“It reminds me that I came from here and now I live in Paris, it’s very humbling and it’s also very comforting.

“I have had a bit of a tough year in France.  Just started feeling sorry for myself and thinking how bad things are going.

“You know I came from here, and although this is home and I love it here, when you take out all the nostalgia and happy memories from childhood this place is a proper f*** s** hole and I did well to get out of here.

“Don’t get me wrong I love it. But it’s a terrible country to live in.”

The Bulawayo-born and Peterhouse-educated Mujati earned 12 caps for South Africa back in 2008 before joining Englands’ Northamptonshire in 2009.

He then settled in Paris with his wife and young child.

Lock climbs new career high

HARARE - Benjamin Lock may have failed to clinch the Old Mutual Zimbabwe F1 Futures tournament but he will take heart from climbing his highest singles ranking on the ATP standings last week.

The former Zimbabwe Open Champion soared to 811 on the ATP singles ranking released last week.

That came after he clinched the F1 Futures at Clube de Tenis de in Maputo, Mozambique a fortnight ago.

The Finance major at Florida State University (FSU) is over the moon about his new ranking having finished 2014 ranked 1202.

He had ended 2013 ranked 1799.

On Friday, the 22-year-old bowed out at the semi-final stage of the Zimbabwe F1 Futures tournament at Harare Sports Club.

Lock’s was undone by a 5-7, 3-6 straight sets loss to Evan King of United States.

Prior to coming unstuck against the 23-year-old, who is ranked 1086, Lock was in a class of his own.

He had stormed into the semi-finals of the tournament after accounting for France’s Roman Bauvy in a tightly-contested quarter-final 6-2, 3-6, 6-1.

The FSU student had earlier fought aggressively to beat Portugal’s Vasco Mensurado 7-6(2), 6-2 in the second round of the $10 000 event.

In the first round, Lock beat Samuel Bothwell in a match he lost the first set 2-6 before showing his class by winning the next two 6-3, 6-2.

23 paupers’ burials in Marondera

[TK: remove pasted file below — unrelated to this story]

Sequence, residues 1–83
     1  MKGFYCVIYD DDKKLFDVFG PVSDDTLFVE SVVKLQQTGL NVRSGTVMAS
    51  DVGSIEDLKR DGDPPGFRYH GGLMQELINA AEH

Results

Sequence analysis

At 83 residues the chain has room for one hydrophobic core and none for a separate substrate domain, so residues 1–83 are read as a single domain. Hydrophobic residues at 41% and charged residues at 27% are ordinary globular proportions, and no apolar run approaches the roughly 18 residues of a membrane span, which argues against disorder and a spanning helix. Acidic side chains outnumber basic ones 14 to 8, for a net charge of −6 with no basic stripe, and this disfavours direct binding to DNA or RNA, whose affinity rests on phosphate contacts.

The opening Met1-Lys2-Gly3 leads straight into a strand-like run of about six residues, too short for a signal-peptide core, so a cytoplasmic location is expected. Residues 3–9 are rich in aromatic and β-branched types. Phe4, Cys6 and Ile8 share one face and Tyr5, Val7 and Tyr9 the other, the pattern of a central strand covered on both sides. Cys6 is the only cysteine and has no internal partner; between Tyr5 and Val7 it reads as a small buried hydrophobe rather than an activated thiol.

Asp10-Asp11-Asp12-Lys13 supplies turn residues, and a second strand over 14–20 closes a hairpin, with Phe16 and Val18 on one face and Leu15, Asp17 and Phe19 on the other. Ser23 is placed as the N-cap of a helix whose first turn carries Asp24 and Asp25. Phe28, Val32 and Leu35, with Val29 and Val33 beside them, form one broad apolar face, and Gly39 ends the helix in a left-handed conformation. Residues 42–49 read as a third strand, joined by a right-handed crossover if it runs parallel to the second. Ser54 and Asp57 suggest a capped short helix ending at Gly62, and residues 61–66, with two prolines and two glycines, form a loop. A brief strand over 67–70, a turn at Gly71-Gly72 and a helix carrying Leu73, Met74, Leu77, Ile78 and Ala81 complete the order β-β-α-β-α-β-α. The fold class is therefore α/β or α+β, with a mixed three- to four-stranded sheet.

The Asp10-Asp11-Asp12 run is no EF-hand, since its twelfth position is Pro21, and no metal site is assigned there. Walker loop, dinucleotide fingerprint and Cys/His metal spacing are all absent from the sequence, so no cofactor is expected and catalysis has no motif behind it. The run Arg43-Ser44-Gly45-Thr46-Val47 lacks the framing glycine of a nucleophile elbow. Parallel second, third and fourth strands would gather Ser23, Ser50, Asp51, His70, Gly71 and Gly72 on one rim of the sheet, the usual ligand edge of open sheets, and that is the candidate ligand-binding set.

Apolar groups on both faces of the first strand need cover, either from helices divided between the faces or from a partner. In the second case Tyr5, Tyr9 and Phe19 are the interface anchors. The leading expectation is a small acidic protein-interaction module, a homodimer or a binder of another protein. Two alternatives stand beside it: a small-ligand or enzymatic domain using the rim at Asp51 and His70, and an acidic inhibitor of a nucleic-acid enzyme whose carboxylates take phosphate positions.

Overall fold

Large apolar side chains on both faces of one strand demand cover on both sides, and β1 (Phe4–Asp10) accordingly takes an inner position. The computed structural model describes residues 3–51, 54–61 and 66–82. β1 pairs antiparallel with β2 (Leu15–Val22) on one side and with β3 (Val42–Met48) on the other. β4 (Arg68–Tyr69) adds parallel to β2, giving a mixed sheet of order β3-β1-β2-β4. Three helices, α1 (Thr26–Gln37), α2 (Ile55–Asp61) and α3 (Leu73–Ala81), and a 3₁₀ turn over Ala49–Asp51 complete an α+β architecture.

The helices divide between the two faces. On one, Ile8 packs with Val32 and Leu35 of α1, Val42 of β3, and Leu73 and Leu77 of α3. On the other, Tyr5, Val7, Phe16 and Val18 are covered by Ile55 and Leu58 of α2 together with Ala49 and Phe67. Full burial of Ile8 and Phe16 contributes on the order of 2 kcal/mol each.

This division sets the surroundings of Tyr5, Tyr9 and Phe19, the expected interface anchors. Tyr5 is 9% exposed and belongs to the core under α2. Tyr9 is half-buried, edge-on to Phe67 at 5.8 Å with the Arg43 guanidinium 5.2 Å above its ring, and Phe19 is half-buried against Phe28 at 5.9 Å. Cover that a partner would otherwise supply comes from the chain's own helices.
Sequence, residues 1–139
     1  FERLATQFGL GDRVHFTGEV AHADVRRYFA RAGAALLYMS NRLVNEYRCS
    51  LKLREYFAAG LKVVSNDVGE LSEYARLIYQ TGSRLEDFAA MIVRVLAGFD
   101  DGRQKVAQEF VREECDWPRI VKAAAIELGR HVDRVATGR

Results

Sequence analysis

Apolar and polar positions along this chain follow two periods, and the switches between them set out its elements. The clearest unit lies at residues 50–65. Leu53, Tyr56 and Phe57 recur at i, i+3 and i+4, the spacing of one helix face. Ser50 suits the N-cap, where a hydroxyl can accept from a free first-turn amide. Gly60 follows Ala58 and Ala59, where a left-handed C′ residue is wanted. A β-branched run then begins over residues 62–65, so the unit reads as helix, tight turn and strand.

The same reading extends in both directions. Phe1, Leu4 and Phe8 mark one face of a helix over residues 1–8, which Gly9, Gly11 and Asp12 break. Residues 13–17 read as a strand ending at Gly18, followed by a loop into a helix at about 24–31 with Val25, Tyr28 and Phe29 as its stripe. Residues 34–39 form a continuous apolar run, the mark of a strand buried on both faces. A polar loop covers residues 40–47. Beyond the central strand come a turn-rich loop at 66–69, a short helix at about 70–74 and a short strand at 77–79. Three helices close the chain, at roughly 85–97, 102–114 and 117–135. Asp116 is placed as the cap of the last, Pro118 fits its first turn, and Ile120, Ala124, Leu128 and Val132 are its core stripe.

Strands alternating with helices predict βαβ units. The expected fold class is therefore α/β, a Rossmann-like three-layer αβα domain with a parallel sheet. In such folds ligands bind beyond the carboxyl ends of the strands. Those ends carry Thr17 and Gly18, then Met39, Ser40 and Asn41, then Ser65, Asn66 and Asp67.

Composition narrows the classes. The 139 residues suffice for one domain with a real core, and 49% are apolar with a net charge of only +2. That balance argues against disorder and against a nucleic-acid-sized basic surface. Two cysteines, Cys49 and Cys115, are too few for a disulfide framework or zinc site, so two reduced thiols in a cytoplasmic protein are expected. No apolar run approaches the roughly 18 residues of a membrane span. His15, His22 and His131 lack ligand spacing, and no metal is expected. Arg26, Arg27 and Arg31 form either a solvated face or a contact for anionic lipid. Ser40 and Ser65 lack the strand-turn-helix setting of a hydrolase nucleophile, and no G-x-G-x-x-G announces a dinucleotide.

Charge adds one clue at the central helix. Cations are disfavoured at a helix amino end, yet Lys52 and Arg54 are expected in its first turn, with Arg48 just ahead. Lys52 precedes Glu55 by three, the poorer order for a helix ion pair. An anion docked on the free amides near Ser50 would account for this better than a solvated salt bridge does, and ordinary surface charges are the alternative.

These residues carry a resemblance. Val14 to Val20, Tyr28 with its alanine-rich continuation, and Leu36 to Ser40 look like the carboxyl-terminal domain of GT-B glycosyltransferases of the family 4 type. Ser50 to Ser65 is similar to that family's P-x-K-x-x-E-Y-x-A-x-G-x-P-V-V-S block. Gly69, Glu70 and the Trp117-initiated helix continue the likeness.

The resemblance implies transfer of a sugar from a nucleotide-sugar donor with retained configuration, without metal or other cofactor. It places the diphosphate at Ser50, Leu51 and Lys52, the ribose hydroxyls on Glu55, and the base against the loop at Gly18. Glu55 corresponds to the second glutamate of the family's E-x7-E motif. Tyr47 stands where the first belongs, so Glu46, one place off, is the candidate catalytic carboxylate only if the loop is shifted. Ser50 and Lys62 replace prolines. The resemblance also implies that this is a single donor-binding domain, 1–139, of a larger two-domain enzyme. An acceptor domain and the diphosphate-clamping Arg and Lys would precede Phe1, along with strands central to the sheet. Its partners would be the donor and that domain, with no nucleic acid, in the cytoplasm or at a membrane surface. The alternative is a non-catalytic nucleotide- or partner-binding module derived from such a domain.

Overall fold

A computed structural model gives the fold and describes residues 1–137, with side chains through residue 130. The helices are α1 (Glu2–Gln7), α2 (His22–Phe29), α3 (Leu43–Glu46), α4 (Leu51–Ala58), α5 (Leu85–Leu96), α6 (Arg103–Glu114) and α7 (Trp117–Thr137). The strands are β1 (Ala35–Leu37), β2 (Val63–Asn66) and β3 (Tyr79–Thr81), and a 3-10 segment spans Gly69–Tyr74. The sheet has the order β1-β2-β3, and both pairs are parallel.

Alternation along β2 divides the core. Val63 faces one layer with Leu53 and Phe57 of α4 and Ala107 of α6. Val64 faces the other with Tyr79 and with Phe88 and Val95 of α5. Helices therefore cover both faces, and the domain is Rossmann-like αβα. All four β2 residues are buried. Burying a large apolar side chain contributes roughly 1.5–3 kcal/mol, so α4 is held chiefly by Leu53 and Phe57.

MARONDERA - A paupers' burial is a very simple process usually done at the State’s expense, but with Zimbabwe’s debilitating economic meltdown many provincial hospitals are reeling and cannot afford even such basic services.

Marondera Provincial Hospital’s run down mortuary was so overwhelmed having conducted its last paupers’ burial in 2014 and corpses piling up uncollected.

The hospital’s morgue has since fallen into a state of disrepair, with broken refrigerators unable to maintain the required temperatures to prevent decomposition.

Their problem is a microcosmic representation of what has become of most State run hospitals.

“The ministry of health used to assist us but because of economic challenges we have had to resort to private public partnerships,” said Marondera Provincial Hospital administrator Albert Mutsinze.

“We have been engaging private companies and funeral parlours to help us solve our crisis.”

Yesterday, the hospital’s situation changed as they were able to conduct a mass burial to empty the hospital’s mortuary of 23 unclaimed and decomposing bodies.

“We buried 11 adults and 12 babies with the assistance of Doves who have taken over the running of our morgue. Among the babies’ copses are some which had been abandoned by their mothers who skipped the hospital afraid to foot the bills.

“All babies above two kilogrammes should be buried but basically when these mothers go they never come back. The adults we mainly get them from the old people’s homes.  They fail to bury the deceased because no relatives are found.

“We do a media appeal to ask if they are any relatives to come forward and claim their deceased.”

Doves managing director Kenneth Chigananda said it was their drive to accord descent burials to the deceased persons who have no one else to give them a commendable burial.

“It is our duty as an institution to give all funerals a decent burial. That’s why we are aiming to make this a countrywide thing.

“We started with Chitungwiza Hospital, now in Marondera and we have partnered with them to fix their morgue which was not in a great state.”